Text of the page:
Scottish Russians

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Scottish Russians are Russians with full (or partial) Scottish ancestry. Scottish migration to Russia occurred primarily during the early-17th-century Polish–Muscovite War (1605–18), Ingrian War (1610–1617) and Thirty Years' War (1618–1648).


In 1507, four Scottish gunners were sent by King Christian III of Denmark to support Russian-allied forces.[1] During the Polish–Russian War (1605–18), a regiment originally under the command of William Grim[2] and later under Captain (Rittmeister) Jacob Shaw was in the service of the Polish–Lithuanian Commonwealth. During the 1614 siege of the fortress of Bely the regiment switched sides, surrendered the fortress and joined Russia's military forces.[3][4][5][6] It was raised in Scotland, and a company was raised in Ireland.[7] The regiment participated in several Russo-Crimean Wars against the Crimean–Nogai raids.[8][9] Beginning in 1626, foreign mercenaries were identified by their Russian names and (after converting to Orthodox Christianity) typically received land, serfs, money and clothing.


Etching of Alexander Leslie on a horse
Alexander Leslie

A number of families of Scottish origin were part of the Russian Empire's landed aristocracy. Two noble families were descended from Clan Ramsay: Ramsay and De Balmen (both counts).

The Leslie family was headed by Alexander Leslie of Auchintoul (died 1663 in Smolensk), a Scottish soldier in the service of the tsar. Leslie commanded Russian forces during the Siege of Smolensk (1654), one of the first major events of the Russo-Polish War (1654–67), and was descended from Clan Leslie of Auchintoul. The owner of Gorchakov Manor, he was the voivode of Smolensk.

Tam Dalyell of the Binns (1615–1685), a Scottish Royalist general in the Wars of the Three Kingdoms known as "Bluidy Tam" and "The Muscovite De'il", was in Russian service. William Drummond, 1st Viscount Strathallan, Lord Drummond of Cromlix (1617–1688), was a lieutenant-general in the tsar's army.

Painting of an agitated young woman under guard
Pavel Svedomskiy's Mary Hamilton Awaiting Execution (1904)

Several families are descendants of Clan Hamilton. The Gamontovs (or Gamoltovs) are descendants of Petr Gomoltov-Hamilton, an officer of Count Jacob De la Gardie since 1610 who remained in Russian service after the Battle of Klushino and had several granddaughters. The first (Eudoxia) was an aunt of Natalya Kirillovna Naryshkina, the Tsaritsa of Russia from 1671–1676 and the second wife of Tsar Alexei I and regent of Russia as the mother of Peter the Great in 1682. The second was a wife of Artamon Matveyev. The best-known was Mary Hamilton (Maria Danilovna Gamil'ton, Гамильтон, died 14 March 1719), lady-in-waiting of Empress Catherine I and mistress of Tsar Peter the Great, who was executed for abortion, infanticide, theft and slander (of Catherine).

The Khomutov family (Хомутовы) are descendants of Thomas Hamilton, a soldier who began Russian service in 1542 and arrived in the country with his son Petr (David). Michail G. Khomutov (Хомутов) was a cavalry general, adjutant general and an earl (Russian: Hаказной атаман) of the Don Cossacks in from 1848 to 1862. Anna Khomutova (1787, Moscow — 1858, Saint Petersburg) was a Russian writer, sister of Michail Khomutov]] and cousin of Ivan Kozlov. The von Fersen family are descendants of the Clan Macpherson, and Baron Vasili Nikolaevich von Fersen (1858–1937) was an admiral in the Imperial Russian Navy.

The Bruces are descendants of the Clan Bruce.[10] Count Roman Vilimovich Bruce (1668–1720) was the first commander of Saint Petersburg, brother of Jacob Bruce and father of Alexander Romanovich Bruce.[11] Bruce joined Peter the Great's army in 1683, became captain of the Preobrazhensky Regiment in 1695 and participated in Peter's 1695–6 Azov campaigns.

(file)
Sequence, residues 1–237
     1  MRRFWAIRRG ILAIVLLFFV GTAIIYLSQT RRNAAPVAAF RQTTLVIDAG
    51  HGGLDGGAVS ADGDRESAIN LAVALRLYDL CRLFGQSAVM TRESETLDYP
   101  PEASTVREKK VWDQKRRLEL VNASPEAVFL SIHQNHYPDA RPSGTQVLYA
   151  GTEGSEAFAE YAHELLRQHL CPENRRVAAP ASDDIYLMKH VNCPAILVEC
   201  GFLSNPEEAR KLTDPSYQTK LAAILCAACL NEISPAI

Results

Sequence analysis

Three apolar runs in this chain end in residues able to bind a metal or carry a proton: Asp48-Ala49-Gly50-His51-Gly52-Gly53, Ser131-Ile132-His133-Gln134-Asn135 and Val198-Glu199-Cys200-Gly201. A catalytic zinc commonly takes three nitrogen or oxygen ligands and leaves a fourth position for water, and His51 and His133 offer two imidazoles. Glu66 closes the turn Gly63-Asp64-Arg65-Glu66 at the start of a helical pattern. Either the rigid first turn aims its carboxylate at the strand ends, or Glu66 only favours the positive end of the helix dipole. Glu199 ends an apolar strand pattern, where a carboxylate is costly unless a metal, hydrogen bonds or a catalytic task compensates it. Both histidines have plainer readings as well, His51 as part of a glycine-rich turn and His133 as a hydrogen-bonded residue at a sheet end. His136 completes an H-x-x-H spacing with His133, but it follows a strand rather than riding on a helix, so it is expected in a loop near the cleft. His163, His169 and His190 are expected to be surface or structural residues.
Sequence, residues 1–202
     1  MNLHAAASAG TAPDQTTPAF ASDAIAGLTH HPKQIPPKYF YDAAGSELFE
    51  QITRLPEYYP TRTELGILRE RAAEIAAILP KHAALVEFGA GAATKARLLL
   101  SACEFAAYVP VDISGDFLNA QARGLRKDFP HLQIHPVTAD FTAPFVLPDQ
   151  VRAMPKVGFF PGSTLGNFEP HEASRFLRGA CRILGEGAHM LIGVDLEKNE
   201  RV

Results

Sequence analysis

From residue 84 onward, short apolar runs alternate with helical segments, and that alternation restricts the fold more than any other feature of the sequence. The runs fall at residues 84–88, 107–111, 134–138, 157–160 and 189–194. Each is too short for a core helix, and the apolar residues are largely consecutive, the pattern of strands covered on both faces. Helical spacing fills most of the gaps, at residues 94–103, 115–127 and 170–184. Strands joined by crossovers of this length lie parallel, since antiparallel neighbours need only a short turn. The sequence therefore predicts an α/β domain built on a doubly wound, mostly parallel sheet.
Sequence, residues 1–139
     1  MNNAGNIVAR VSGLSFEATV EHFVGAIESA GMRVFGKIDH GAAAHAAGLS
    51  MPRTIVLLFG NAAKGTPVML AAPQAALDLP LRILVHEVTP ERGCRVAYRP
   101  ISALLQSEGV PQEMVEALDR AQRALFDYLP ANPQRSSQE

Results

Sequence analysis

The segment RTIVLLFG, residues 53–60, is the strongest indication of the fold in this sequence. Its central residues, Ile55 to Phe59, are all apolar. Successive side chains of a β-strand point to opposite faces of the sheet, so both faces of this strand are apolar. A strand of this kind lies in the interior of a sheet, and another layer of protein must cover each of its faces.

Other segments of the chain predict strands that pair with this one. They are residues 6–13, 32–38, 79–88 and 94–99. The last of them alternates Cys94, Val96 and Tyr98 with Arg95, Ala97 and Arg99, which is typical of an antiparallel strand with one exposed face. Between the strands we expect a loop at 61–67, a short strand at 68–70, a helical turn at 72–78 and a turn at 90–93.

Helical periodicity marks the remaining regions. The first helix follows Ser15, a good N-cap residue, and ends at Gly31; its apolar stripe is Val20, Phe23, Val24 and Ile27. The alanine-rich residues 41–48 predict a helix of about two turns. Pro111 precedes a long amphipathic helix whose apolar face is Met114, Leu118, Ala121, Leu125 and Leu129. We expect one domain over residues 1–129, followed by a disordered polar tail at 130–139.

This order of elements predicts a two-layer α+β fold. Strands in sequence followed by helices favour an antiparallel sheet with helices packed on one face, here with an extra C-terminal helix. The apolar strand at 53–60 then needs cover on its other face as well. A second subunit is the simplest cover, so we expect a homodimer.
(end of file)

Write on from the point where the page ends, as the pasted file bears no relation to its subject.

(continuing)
See caption
Arms of Count James Bruce from his diploma of nobility. Note the red lion and unicorn, symbols of Scotland.

James Daniel Bruce (Брюс, 1669–1735) was a statesman, military leader and scientist descended from the Clan Bruce. According to Bruce, his ancestors had lived in Russia since 1649. He was the brother of Robert Bruce, the first military governor of Saint Petersburg.

Count Yakov Alexandrovich Bruce (1732–1791) was a Russian general. Bruce was a grandson of Lieutenant General Robert Bruce and a great-nephew of Jacob Bruce. His father was Count Alexander Bruce, and Ekaterina Alekseyevna Dolgorukova was his stepmother. Bruce married Praskovia Rumiantseva, sister of General (later Field Marshal) Pyotr Rumyantsev.

Prince Michael Andreas Barclay de Tolly was a field marshal and minister of war during Napoleon's 1812 invasion and the War of the Sixth Coalition. Prince Alexander Barclay de Tolly-Weymarn (1824–1905) was a Russian regimental, division and corps commander. He was the son of Wilhelm Peter Jost von Weymarn, and the grandson of Kristina Bogdanovna Barclay de Tolly.

The Lermontovs were descendants of George Learmonth (Лермонт), an ensign in Jacob Shaw's regiment during the Smolensk War (1632–1634). A Rittmeister of Reiters commanded by Semen Prozorovsky, Learmonth died in battle against soldiers commanded by Field Hetman of Lithuania Krzysztof Radziwiłł in August 1633.

Portrait of a young Mikhail Lermontov
Mikhail Lermontov in 1837

Mikhail Lermontov, of the Learmonth family, can be traced to George Learmonth.[12] According to his family, George Learmonth descended from the 13th-century Scottish poet Thomas the Rhymer (also known as Thomas Learmonth).[13]

Julia Lermontova (1846–1919), the first female Russian chemist,[14] was the third woman to receive a doctorate in Europe.[14] Lermontova studied at the Universities of Heidelberg and Berlin before receiving a doctorate from the University of Göttingen in 1874.[14] She was inducted into the Russian Chemical Society the following year.[14]

Mikhail N. Lermontov (Лермонтов, Михаил Николаевич) (1792—1866) was an admiral who served with distinction in the Finnish War (1808—1809) and the Crimean War. Alexander Mikhailovich Lermontov (1838–1906) was a division commander who participated in the Russo-Turkish War (1877–1878) and liberated Burgas, Bulgaria. Mikhail Lermontov, born 27 January 1953 in Pyatigorsk, is a doctor of culturology and was a member of the Civic Chamber of the Russian Federation from 2014 to 2017.